In 2013, as is the case at many campuses, Pennsylvania State University seniors chose to commission a piece of art as its senior class gift. The 12-foot-tall glass sculpture spells out the university's motto, “We are.” The next senior class chose to create a large rooftop terrace.
This year’s seniors went in a different direction: their class gift to Penn State will be an endowment to support the university’s Center for Counseling and Psychological Services. Next year, the money will be used to hire a new counselor who can provide services in a residence hall, which is a first for the university.
In the past five years, demand for counseling at Penn State has increased by 30 percent.
“We’re moving away from monuments and shrines and other physical attributes on campus and truly trying to create resources and services that really make an impact,” said Ramon Guzman, executive director of the gift campaign. “For students to say to their classmates, ‘Hey, I stand with you,’ that’s more powerful than anything else.”
The mental and emotional health of students has been of increasing concern to colleges in recent years, even as many institutions struggle to find the resources to better address those concerns. Last year, the Jed Foundation, a nonprofit organization that works to prevent suicide among college students, teamed up with the Clinton Foundation Health Matters Initiative to create a new program designed to help colleges and universities promote “emotional and mental well-being.” Dozens of colleges are currently participating in the program.
More than half of college students say they have experienced “overwhelming anxiety” in the last year, according to the American College Health Association, and 32 percent say they have felt so depressed “that it was difficult to function.”
Nearly 10 percent of respondents to last year’s American Freshman survey reported that they “frequently felt depressed.” It was the highest percentage of students reporting feeling that level of depression since 1988, and 3.4 percentage points higher than in 2009, when the survey found the rate of frequently depressed freshmen to be at its lowest.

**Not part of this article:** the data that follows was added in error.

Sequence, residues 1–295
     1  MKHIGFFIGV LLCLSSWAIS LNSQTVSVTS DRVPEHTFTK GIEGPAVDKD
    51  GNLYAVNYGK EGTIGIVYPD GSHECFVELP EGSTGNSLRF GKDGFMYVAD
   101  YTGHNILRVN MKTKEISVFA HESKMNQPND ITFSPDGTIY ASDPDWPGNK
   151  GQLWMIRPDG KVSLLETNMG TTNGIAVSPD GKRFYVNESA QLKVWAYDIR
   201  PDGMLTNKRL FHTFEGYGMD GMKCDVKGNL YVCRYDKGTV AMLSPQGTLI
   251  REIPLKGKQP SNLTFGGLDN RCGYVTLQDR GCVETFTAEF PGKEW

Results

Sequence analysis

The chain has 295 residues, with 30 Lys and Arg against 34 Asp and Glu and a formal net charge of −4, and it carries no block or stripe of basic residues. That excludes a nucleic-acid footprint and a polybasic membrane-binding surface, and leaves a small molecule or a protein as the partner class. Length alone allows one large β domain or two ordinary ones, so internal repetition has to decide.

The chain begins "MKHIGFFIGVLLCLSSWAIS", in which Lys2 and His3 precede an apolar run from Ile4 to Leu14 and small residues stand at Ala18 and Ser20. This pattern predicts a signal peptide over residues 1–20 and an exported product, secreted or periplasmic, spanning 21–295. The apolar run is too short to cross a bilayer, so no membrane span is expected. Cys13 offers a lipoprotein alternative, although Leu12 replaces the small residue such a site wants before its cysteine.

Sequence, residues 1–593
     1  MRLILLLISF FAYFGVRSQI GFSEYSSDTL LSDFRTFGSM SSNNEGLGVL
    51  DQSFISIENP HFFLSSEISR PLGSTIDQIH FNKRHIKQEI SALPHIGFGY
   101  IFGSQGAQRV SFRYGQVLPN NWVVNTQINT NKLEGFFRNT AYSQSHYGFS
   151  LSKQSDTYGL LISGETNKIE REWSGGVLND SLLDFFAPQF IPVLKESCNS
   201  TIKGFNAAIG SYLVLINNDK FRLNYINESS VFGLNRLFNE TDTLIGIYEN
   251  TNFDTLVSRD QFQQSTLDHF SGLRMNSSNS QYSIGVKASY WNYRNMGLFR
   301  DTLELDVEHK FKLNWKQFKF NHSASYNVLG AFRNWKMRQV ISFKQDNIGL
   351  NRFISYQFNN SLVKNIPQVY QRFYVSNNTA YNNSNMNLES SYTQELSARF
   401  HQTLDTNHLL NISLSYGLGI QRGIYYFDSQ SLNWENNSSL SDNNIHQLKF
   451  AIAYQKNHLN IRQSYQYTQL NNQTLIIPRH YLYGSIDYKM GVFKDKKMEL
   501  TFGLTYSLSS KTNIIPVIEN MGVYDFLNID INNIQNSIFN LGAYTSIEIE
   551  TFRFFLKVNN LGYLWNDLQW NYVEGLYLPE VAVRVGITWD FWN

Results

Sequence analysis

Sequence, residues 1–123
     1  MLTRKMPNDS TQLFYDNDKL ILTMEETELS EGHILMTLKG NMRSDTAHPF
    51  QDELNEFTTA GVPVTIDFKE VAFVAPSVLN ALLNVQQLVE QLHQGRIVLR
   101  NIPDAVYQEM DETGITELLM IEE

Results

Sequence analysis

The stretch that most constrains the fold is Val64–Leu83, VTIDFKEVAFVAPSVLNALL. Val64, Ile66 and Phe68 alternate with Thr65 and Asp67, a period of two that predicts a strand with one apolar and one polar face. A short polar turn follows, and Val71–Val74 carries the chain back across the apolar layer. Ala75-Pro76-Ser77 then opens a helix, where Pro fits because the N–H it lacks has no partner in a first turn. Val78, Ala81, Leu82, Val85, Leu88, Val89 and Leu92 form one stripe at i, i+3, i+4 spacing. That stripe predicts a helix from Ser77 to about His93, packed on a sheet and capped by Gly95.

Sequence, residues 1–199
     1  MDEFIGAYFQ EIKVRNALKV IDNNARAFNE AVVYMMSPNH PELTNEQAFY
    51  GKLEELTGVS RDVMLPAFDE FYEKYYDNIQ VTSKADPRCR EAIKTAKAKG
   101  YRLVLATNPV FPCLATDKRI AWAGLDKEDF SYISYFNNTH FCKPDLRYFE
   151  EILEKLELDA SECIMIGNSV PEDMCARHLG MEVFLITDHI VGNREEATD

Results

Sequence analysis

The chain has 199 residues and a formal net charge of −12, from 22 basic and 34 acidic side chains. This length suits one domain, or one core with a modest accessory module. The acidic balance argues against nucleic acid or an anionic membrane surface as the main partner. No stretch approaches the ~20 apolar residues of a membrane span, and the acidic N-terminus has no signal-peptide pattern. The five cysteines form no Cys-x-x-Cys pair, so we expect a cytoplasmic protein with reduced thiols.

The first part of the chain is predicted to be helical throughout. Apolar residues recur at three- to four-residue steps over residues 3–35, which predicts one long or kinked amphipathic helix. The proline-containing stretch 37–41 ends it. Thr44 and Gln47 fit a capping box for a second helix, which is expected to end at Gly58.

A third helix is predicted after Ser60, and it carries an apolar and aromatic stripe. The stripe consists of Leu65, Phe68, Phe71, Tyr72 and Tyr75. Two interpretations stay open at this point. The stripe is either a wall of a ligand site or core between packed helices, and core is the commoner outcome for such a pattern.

Last year, following the suicide of a student at the University of Pennsylvania, the New Jersey Senate passed a new law requiring that mental health professionals be available around the clock to assist New Jersey college students. The new counselor funded by the endowment at Penn State will serve a similar function, by being available to students in residence halls after hours.
“I think this suggests that some student leaders have come to recognize that this issue is important for student life, health and success, and this is great news for folks,” said Victor Schwartz, medical director for the Jed Foundation. “They are also acknowledging that this issue is almost universally underresourced.”
The endowment was chosen from three proposals submitted and voted on by members of this year's senior class. The other proposals included a mural “representing the university’s diverse population,” and a mosaic that would depict “classic Penn State iconography.”
Nicholas Jones, Penn State’s executive vice president and provost, said creating the endowment as this year’s class gift was an “impactful gesture.”
“College is an exciting time for many students, but the challenges of college life and young adulthood can be stressful,” Jones said. “The need for additional funding is growing as more students recognize the essential support that [the counseling center] is able to provide to them.”
The class is still raising money for the effort through the first week of May. So far, the campaign has raised more than $125,000. On Tuesday, the Penn State Alumni Association announced that it had committed up to $200,000 to match contributions to the gift from this year's seniors.
The total amount raised will then be invested, with the interest from the investment being made available annually to the university’s Center for Counseling and Psychological Services. For the endowment’s first year, the funds will be used for the new counselor position, which will also be supported in part by a donation from two Penn State employees, but the counseling center will determine how best to use the money in the following years, Guzman said.
If the endowment reaches the campaign's $400,000 goal, the center will receive $18,000 per year.
Guzman described the endowment as “reminiscent of some of the early class gifts” at Penn State, which were often used to create new student resources. In 1956, for example, the senior class gift was used to create the university’s ambulance service.
“There is a growing need for mental health services,” Guzman said. “And from the student perspective, we understand that. We know our own peers, colleagues, friends, even ourselves, have mental illnesses, and that they are struggling with depression or have even considered or attempted suicide. And so I think our class said, ‘Enough is enough. Let’s do our part to make Penn State a better place.’”
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